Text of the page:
Rugby games on all formats don’t have much appeal to avid followers of the sport. Although many games have seen the light of day over the years, after the initial gloss has worn off, it is inevitably left alone, never to be played again.
So will Rugby Nations 16 be any different? Well, publisher Distinctive Wireless Inc have a range of games in both IOS and Android. Together with their extensive portfolio, this is not their first Rugby Nations game.
After an initial 400 meg download – you might want to be near a wi-fi point to do this – Rugby Nations 16 (RN for short) offers a number of options on start up. The game features various modes including friendlies as well as a career mode which can all be played for free. Should you wish to partake in any of the other game options, you will need to purchase RN for £3.99.
These paid modes include the Six Nations, Live Games, 40 various challenge mini-games and a conversion kicking game with online rankings. More about these later.
What teams are available?
As expected all the major national teams are available to play from world champions New Zealand, right down to lowly Namibia. For those who prefer club rugby, a number of different teams from club competitions around the world are available including those found in the English Premiership and Super Rugby. That said, my first gripe is that RN contains no licencing agreement, so don’t expect to be running out as the Stormers, but rather as Cape Town as all franchise teams are named after the city they originate from.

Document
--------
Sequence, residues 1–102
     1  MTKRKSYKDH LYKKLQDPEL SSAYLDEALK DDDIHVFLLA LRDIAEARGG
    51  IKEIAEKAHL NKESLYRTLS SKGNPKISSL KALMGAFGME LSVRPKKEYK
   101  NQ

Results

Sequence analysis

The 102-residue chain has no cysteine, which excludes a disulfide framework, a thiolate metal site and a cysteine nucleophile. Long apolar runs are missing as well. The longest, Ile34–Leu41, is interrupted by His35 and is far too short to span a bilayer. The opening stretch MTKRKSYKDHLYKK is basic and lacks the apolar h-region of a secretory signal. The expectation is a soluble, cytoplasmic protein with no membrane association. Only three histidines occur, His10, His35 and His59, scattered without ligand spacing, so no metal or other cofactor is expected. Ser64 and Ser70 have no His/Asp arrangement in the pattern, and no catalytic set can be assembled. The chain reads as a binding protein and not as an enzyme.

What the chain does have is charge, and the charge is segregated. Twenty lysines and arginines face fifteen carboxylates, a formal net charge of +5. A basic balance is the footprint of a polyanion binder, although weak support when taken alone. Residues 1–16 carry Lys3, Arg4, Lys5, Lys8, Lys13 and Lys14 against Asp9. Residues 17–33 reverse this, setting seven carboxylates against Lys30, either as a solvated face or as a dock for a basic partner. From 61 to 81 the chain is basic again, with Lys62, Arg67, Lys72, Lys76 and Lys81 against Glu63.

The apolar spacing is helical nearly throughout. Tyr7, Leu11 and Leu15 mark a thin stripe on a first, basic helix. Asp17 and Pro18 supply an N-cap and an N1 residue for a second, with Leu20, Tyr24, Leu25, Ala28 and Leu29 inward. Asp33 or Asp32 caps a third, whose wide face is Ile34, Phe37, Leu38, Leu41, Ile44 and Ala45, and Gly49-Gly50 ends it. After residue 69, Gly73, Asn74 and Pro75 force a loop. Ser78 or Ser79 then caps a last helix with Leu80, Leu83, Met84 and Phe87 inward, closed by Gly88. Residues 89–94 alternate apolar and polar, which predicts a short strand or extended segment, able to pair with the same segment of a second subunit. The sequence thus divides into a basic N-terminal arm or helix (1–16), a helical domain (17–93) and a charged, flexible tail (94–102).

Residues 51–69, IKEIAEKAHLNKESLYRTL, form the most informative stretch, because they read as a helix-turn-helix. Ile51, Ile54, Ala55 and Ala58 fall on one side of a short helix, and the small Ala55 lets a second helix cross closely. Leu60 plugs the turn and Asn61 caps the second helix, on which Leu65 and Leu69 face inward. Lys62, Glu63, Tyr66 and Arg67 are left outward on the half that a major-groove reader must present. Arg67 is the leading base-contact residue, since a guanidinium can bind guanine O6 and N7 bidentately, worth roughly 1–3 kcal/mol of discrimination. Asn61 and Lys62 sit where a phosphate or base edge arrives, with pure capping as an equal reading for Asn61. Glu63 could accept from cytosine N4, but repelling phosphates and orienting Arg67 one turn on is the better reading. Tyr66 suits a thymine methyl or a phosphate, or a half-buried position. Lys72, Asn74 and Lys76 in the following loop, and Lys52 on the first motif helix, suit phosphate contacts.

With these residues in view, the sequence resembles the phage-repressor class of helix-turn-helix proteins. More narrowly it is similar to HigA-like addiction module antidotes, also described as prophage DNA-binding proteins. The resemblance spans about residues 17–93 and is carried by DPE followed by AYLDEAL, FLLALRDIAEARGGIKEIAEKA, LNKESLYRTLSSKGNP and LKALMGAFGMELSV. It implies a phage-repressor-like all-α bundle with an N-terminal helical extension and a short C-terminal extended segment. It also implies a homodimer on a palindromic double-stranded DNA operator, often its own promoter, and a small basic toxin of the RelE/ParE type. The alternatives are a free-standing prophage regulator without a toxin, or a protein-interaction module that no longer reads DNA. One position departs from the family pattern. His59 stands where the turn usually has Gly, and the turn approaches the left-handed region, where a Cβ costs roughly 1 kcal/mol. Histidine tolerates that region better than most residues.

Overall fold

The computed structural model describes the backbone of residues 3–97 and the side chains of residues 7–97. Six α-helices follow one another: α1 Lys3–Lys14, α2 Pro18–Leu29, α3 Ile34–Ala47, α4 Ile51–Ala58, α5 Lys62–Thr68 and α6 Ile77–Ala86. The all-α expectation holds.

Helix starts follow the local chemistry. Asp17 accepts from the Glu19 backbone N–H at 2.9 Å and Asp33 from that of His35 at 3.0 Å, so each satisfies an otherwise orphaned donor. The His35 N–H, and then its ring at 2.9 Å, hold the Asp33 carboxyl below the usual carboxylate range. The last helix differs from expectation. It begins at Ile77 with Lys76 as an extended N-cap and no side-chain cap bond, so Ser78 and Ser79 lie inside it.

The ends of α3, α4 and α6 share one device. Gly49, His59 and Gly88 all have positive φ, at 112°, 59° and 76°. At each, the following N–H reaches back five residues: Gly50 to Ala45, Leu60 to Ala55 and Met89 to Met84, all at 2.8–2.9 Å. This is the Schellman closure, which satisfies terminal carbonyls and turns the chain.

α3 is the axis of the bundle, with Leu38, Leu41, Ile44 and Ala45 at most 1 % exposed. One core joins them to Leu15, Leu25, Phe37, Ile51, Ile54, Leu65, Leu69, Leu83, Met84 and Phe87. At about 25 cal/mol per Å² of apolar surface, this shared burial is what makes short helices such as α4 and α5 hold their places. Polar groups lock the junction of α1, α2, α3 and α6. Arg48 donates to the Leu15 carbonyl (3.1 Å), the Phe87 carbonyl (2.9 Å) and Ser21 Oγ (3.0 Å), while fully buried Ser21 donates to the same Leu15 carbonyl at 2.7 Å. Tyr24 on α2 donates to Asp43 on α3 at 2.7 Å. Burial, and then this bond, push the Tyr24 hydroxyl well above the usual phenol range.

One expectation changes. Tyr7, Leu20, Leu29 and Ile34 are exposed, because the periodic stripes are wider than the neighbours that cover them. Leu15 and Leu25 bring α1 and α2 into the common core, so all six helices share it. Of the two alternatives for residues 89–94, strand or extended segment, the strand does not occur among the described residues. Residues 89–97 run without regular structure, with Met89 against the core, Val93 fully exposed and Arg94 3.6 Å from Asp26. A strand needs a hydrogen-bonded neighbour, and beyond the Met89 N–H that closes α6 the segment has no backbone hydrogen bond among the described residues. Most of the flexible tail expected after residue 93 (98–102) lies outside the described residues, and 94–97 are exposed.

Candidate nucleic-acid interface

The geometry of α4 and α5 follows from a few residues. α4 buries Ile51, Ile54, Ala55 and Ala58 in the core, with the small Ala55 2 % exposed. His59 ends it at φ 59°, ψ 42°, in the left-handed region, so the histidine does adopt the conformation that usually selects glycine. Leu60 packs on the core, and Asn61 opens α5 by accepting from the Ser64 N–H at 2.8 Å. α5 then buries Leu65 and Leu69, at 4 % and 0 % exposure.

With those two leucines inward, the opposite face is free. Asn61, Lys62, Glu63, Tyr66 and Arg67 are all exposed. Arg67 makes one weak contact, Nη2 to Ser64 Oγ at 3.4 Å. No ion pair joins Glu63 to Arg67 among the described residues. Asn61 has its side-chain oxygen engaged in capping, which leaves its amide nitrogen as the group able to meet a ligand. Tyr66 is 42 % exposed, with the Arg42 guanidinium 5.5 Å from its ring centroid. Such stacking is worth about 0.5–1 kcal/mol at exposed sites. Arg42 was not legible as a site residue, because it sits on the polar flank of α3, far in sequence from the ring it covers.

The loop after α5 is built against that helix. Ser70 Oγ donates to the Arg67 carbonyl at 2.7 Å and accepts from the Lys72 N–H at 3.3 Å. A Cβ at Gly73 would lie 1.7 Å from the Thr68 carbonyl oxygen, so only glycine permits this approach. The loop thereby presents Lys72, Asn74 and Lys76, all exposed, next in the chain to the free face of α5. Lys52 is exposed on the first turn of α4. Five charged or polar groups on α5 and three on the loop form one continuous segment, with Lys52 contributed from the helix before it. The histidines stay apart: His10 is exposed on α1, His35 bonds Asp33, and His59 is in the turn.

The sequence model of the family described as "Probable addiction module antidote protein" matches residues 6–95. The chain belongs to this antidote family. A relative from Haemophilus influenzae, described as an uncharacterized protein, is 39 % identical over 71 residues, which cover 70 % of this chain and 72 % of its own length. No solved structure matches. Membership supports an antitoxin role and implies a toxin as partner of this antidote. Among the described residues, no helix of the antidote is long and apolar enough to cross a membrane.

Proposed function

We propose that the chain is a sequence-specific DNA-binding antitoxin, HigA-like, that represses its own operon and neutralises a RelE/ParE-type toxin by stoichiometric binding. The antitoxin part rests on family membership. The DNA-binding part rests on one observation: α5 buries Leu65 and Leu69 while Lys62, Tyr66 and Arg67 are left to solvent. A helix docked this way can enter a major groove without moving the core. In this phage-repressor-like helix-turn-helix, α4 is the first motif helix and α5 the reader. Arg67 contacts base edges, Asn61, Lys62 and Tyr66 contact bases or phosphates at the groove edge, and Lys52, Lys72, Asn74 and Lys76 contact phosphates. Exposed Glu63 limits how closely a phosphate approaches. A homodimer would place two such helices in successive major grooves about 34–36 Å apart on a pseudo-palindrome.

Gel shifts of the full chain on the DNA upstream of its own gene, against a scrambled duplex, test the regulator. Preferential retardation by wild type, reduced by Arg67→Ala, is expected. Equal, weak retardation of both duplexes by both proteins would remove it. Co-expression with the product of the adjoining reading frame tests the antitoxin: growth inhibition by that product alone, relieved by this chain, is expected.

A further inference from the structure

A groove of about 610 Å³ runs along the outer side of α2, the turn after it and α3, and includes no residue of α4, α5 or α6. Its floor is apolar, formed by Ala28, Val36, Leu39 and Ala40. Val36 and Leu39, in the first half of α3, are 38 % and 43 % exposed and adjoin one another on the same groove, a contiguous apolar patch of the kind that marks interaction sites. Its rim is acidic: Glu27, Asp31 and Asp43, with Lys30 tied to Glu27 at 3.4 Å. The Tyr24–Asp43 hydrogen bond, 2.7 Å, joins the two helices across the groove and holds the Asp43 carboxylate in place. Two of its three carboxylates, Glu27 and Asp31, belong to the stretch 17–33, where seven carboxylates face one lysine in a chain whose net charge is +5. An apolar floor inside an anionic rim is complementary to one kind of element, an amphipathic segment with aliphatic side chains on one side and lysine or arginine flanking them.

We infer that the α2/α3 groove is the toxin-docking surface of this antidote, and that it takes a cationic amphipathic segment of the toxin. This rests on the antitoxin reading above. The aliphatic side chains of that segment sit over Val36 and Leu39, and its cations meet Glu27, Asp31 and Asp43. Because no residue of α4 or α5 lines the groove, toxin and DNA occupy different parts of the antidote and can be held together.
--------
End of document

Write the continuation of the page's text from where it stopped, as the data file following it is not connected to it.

So play already!
In all probability, you will start with a friendly game to get a feel of how the controls in RN work. Well, first you have to decide how exactly you want to control your players. There are two options in this regard; on-screen buttons or screen swiping.
Starting out with buttons I first found them incredibly clunky. Although the tutorial tells you exactly what each button does in each scenario, they didn’t always seem to react when I tapped them. When first playing the game, it can get a little confusing as there can be up to eight buttons on the screen at any one time. For example, on attack, you have to elect to pass left or right with a button. In some instances, depending where you are on the field, a kick button might appear, while on defence, a whole range of other buttons pop up. Of course, as you play more, it becomes easier and easier to get the feel for the game, but this amount of buttons at the start might put off some people.
I then tried swiping and although this seemed far more challenging to start, I quickly got the hang of it through the excellent tutorial. Here, swiping and tapping helps you with the various parts of play such as attacking, passing, kicking and defending. In fact, as time went on, I found my level of play improved immensely using the swipe method over buttons. One other control feature that I loved was the use of the accelerometer in my phone. By tilting the screen left or right, I was able to guide my player with the ball in the direction I tilted. This worked extremely well when the player was in a little bit of space.